New Liverpool manager Neil Redfearn says he’s looking forward to the new FA Women’s Super League campaign but admits expectations have to be “realistic” after a turbulent summer for the club.

Liverpool lost a dozen first-team players over the summer, the majority of whom all left toward the start of the summer, plus the departure of manager Scott Rogers.

Players, including captain Gemma Bonner and England internationals such as Siobhan Chamberlain and Alex Greenwood, all moved on, leaving Redfearn with just four first-team players, one of whom is injured, and several more youngsters when he took the job.

But since then, 12 players have arrived at the club and Redfearn is in good spirits ahead of this weekend’s Continental Cup kick-off against Manchester United.

“Preparation has gone well,” said the 53-year-old. “We’ve had a really good preseason. There was a big recruitment drive to begin with, but I think we’ve brought in some really good players, some really experienced players, and I have to say looking at preseason, they’ve gelled really well.”

Redfearn emerged as a surprise candidate to replace the outgoing Rogers earlier in the summer after spending just six months in the women’s game, although he won the FA WSL 2 title with Doncaster Rovers Belles during that time.

Several of his title-winning squad have followed him west to Liverpool, including new club captain Leandra Little and the likes of Sophie Bradley-Auckland, Rhiannon Roberts, and Christie Murray.

Redfearn has also shown faith in other players stepping up from tier two but the new boss believes he has recruited a squad based as much on the people as the footballers.

“I think through last season you always make little mental notes for players you think might do you a job. You’re constantly going through that process as a manager and from that end, the most important thing for me was to recruit good people before looking at the footballer.

“When you’re building a team, there’s more that goes into it and we’ve recruited ambitious people and good footballers, too. It’s a really experienced group with some outstanding young players and I think that will benefit us moving forward.”

Among those youngsters are current England Under-20 forward Niamh Charles, who scored on the opening day of last season against Everton.

But with Cassia Pike, Amy Rodgers, Rinsola Babajide, and latest signing Fran Kitching all around the first team, plus the promotions of Annabel Blanchard and Missy Bo Kearns, Redfearn believes they have the perfect environment to develop in.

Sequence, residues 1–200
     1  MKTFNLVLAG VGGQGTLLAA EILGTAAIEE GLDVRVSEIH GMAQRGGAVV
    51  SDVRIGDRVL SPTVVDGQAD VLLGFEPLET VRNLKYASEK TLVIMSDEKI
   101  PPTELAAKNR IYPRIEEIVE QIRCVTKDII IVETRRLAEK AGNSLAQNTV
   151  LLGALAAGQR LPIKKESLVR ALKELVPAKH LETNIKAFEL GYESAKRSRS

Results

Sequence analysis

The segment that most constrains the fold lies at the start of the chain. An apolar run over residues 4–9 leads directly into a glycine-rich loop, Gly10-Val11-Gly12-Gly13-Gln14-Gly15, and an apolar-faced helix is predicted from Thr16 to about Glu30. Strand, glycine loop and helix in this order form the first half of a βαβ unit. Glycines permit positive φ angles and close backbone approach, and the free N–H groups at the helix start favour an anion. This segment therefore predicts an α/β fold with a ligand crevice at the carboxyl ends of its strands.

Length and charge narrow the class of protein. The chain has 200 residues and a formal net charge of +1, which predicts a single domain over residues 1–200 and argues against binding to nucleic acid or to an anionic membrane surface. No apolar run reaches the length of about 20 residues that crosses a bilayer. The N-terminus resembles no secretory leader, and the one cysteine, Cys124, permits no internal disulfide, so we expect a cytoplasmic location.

“That was the idea of recruiting experienced players, so the youngsters have a good backdrop to play in. We have five in our squad from the system and others we’ve recruited like Fran. It’s important because they’re really talented kids and they’ll develop even more around these more experienced players.”

Despite bringing together an almost completely new squad of players, Liverpool have enjoyed a positive preseason, with a draw in Germany against Bayern Munich the highlight.

The side also faced Sunday’s opponents Manchester United in a game which ended 0-0 and Redfearn believes the trip to Germany in particular was big for team bonding.

“The trip to Germany was perfect,” he admitted. “We played two tough games against SGS Essen and Bayern Munich, who are one of the best in Europe. We had some good team-bonding exercises and that trip went a long way to us gelling as a team.”

Now the real work starts. Sunday’s cup game will be televised live on BT Sport with the added extra of it being Manchester United’s first match as a professional women’s football club.

As an extra bit of spice for the game, the United squad also includes seven players who were with Liverpool last season, plus new manager Casey Stoney.

Captain Alex Greenwood is among those and Redfearn is looking forward to what will surely be a big occasion.

“It would be nice to get a good crowd down. The idea of moving back to the Wirral as the right way forward for the club and that will be good for us. It’s the first game, which is always important because you want to be competing again, but the fact it’s United adds a little spice.

“The rivalry comes from the men’s game but when you get two big clubs coming together it’s always going to capture people’s imaginations.”

Redfearn and Stoney in opposing dugouts for a Liverpool versus Manchester United encounter would have seemed less than fanciful 12 months ago when Stoney was a current defender for Liverpool and Redfearn wasn’t even involved in the women’s game.

But he believes he’s earned his opportunity the same way he earned the chance to finally manage Leeds United after spending several years at the club.

“Somebody said the same when I got that job at Leeds — would I have imagined I’d be in charge and I said no,” he recalled.

“But you look at football and if your beliefs are right, you stick to your guns, you’re good with people and try your best, then that’s the most important thing and things will come your way. This is definitely a case of that.”

Looking at the longer-term picture, Redfearn is realistic and calm about Liverpool’s chances of success across the whole season.

With a brand-new squad pieced together over the course of one summer, Redfearn admits there will be some inconsistency but is still confident of a good season.

“We have to be realistic,” he said. “It’s a building process, it’s a new squad, and now it’s about giving them the opportunity. We know we’ll have some ups and downs but I look at the strength of the squad, the youngsters coming through, and I see no reason why we can’t have a success season.”

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